Article  Google Scholar 

  26. US Centers for Disease Control and Prevention. CDC expands eligibility for COVID-19 booster shots. https://www.cdc.gov/media/releases/2021/p1021-covid-booster.html (2021).

  27. US Centers for Disease Control and Prevention. Choosing your COVID-19 booster shot. https://www.cdc.gov/coronavirus/2019-ncov/vaccines/booster-shot.html

Download references

Acknowledgements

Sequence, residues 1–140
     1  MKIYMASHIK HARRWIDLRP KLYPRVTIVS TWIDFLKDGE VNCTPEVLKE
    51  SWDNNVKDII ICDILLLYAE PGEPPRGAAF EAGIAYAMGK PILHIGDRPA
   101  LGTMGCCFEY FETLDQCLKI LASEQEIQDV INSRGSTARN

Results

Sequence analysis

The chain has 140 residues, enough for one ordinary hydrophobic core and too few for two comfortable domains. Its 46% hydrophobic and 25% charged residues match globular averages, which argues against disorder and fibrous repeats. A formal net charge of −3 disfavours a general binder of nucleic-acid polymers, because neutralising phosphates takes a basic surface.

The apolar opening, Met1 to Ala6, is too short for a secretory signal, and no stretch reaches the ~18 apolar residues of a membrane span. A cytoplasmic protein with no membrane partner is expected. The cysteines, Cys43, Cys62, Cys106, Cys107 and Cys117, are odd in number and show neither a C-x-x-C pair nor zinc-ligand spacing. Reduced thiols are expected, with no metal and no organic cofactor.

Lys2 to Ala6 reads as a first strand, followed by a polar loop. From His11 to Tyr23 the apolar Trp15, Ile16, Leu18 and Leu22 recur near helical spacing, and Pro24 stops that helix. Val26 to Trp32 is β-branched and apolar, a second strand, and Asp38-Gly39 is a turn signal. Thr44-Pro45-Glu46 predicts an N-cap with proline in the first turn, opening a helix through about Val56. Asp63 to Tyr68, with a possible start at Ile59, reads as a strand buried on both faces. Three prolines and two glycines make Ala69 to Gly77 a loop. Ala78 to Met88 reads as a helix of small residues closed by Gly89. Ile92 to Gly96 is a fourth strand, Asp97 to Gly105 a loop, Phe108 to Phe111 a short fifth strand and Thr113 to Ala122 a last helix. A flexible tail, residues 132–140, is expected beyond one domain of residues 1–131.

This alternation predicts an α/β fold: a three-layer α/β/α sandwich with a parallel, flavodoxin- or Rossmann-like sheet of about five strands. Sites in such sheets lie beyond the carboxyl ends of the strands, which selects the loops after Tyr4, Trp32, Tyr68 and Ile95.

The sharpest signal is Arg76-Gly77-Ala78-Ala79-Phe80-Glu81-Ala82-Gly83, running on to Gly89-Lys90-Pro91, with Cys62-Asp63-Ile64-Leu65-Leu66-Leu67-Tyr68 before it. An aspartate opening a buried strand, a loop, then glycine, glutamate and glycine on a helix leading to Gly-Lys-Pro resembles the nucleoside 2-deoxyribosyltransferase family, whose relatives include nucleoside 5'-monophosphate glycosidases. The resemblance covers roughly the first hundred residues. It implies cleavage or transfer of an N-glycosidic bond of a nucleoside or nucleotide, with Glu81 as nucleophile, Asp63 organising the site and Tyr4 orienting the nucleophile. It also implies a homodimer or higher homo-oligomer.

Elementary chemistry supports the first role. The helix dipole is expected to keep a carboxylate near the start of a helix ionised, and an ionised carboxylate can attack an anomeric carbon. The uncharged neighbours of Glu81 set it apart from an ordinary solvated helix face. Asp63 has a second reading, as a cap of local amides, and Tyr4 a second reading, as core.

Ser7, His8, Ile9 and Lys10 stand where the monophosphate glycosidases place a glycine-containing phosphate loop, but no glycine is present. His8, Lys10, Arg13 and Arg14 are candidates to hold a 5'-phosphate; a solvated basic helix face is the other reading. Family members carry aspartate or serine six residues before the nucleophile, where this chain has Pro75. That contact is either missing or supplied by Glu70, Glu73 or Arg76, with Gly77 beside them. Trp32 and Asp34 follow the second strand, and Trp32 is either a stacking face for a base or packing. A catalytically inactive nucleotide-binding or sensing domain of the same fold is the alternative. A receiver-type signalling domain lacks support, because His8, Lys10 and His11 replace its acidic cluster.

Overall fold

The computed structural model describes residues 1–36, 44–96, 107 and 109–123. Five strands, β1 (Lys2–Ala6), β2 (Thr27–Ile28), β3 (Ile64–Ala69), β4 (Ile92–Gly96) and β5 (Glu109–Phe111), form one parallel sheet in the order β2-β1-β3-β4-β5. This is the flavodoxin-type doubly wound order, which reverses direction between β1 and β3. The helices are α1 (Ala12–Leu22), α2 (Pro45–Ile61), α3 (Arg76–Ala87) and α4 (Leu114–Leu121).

This study was funded by Moderna, Inc. Manuscript authors, including those employed by the funder, contributed to the conceptualization, design, interpretation of data, decision to publish and preparation of the manuscript. Medical writing and editorial assistance were provided by S. Ramachandran and J. Mackenzie of MEDiSTRAVA in accordance with Good Publication Practice (GPP3) guidelines, funded by Moderna, Inc. and under the direction of the authors. Laboratory and database support were provided at KPSC by L. Childs, J. Stern, J. Gelfond, R. Bathala, K. Kottmann, A. Acevedo, E. Ayala, S. Quinones, S. Baluyot, E. Lopez and D. McCarthy. The authors thank the KPSC Lab Leadership and Technician Team for their support of this study. The authors would like to acknowledge Helix OpCo, LLC for their whole-genome sequencing of SARS-CoV-2 specimens. The authors thank the patients of Kaiser Permanente for their partnership with us to improve their health. Their information, collected through our electronic health record systems, leads to findings that help us improve care for our members and can be shared with the larger community. J. Vanas of Moderna, Inc. provided critical operations support, and Y. Paila of Moderna, Inc. provided critical input on specimen sequencing.